Here’s a piece I penned in 1985, sent to you now with sincere holiday wishes.

Christmas and Santa Claus

My wife’s employment takes her to in-home counseling situations where physical conditions of the houses are cramped and personal relationships between family members are frazzled or broken.  On the day after Christmas she visited a family in a small community north of Kansas City.  During her conversation with the family – father, mother who had been a child-bride, and two children (one of whom was disfigured from accidentally being scalded in hot bath water by her sister) – my wife was informed that because the family could not afford Christmas presents, the parents told their 7 and 5 year old daughters that Santa Claus had been killed, that he was dead and wouldn’t be bringing presents this year.

My wife wondered if the couple had thought about what would happen when the kids went out to play with friends or returned to school and found Santa Claus had indeed visited many houses in that community.  “Won’t it be difficult for your girls to trust your word anymore?” Peggy asked.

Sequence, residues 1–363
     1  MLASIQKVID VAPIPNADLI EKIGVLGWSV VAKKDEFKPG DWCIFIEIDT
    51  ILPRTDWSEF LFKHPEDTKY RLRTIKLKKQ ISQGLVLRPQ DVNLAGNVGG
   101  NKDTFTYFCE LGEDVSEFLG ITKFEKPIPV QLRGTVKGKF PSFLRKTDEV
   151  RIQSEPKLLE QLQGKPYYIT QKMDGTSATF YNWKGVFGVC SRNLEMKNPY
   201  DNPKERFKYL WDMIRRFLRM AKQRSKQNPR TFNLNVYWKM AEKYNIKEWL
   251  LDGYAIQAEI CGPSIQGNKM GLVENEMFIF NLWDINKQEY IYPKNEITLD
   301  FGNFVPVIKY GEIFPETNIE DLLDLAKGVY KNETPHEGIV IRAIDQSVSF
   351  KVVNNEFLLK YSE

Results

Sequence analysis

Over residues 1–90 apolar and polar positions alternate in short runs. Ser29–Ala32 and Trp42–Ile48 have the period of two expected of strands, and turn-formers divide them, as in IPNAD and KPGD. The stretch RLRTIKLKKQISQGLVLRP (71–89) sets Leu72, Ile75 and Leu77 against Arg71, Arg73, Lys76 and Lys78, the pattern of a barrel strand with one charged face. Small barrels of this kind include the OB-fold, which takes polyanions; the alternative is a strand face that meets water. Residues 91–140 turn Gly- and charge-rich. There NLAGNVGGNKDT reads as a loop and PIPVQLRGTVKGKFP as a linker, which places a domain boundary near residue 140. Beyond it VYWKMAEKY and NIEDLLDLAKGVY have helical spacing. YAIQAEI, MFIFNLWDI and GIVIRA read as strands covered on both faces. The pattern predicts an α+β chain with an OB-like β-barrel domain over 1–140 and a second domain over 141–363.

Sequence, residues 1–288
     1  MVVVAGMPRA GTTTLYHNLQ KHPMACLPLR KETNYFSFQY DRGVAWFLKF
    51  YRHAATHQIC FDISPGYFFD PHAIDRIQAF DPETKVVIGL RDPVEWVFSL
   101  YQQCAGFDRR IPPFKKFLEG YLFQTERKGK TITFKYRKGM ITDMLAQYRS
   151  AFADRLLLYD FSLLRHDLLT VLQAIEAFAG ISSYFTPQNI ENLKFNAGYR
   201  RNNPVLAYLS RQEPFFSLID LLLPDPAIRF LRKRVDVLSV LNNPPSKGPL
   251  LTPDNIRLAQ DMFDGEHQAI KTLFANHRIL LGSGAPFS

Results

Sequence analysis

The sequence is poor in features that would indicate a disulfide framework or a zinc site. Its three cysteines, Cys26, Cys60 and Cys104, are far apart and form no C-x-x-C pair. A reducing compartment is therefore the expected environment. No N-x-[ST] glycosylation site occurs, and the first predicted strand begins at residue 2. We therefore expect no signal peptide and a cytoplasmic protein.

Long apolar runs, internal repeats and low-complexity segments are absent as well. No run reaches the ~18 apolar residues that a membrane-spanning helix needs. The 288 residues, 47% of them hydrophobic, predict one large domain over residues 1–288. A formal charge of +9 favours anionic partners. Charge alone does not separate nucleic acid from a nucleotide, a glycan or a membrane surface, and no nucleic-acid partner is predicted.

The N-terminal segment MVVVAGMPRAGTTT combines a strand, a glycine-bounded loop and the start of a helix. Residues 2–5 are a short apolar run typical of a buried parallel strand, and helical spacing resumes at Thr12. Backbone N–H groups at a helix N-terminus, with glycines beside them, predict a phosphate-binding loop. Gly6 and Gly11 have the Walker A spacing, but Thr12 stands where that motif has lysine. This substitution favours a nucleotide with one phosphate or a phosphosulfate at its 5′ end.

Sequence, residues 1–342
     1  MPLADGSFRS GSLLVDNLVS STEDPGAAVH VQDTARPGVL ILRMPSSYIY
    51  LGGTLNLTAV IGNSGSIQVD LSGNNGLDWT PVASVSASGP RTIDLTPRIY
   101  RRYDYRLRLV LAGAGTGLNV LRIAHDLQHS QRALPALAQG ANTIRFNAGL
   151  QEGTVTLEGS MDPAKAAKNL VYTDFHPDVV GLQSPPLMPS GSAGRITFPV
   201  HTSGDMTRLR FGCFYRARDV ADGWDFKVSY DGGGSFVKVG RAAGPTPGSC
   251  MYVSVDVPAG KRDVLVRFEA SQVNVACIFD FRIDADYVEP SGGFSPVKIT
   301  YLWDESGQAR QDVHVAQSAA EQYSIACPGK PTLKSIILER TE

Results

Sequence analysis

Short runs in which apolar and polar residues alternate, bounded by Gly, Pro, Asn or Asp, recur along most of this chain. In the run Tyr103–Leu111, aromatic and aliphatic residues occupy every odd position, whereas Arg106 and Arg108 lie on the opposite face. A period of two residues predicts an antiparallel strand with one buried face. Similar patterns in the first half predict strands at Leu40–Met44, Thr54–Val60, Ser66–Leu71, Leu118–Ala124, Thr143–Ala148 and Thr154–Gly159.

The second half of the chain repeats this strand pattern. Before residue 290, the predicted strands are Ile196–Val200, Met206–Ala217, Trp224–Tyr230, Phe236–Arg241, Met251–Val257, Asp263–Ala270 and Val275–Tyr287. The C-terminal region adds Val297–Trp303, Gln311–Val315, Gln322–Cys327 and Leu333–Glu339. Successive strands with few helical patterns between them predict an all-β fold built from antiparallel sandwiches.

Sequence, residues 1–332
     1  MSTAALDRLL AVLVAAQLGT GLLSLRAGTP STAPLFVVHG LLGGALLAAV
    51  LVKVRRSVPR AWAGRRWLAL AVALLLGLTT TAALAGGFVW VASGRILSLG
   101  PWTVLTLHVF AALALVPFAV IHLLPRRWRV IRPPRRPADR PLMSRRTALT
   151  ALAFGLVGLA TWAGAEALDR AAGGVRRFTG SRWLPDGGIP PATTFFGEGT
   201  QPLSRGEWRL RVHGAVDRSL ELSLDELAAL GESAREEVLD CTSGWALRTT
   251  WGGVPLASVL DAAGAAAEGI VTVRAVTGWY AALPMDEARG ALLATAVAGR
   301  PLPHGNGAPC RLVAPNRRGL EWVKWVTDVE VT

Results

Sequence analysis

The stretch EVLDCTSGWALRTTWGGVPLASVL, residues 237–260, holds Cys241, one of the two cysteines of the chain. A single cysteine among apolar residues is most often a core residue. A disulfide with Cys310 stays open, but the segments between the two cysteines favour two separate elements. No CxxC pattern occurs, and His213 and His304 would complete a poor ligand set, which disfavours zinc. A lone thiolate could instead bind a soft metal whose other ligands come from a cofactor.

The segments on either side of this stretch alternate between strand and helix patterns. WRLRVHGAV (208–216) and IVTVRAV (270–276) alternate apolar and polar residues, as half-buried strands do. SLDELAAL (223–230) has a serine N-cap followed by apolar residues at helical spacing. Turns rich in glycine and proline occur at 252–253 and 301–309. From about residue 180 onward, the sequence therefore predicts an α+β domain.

The couple said that hadn’t occurred to them, but it didn’t matter; for their girls had told the kids across the street that Santa Claus had died and wouldn’t be bringing any presents this year.  Those kids told their parents, and they – who couldn’t afford gifts any more than the people Peggy was counseling – gathered all the neighbors to purchase gifts for the two girls.  They put the presents in a box and placed the box on the girls’ doorstep for Christmas morning.

When Christmas came, the box was discovered and there was great joy as the girls tore through their treasures.  “We guess Santa Claus isn’t dead after all,” the parents conceded to their children.

Meanwhile, the parents across the street, who didn’t have much to give but mobilized the neighborhood, said “If Santa Claus would have died for one family, he would have been dead for everyone on the street.”

Posted in: Perspective


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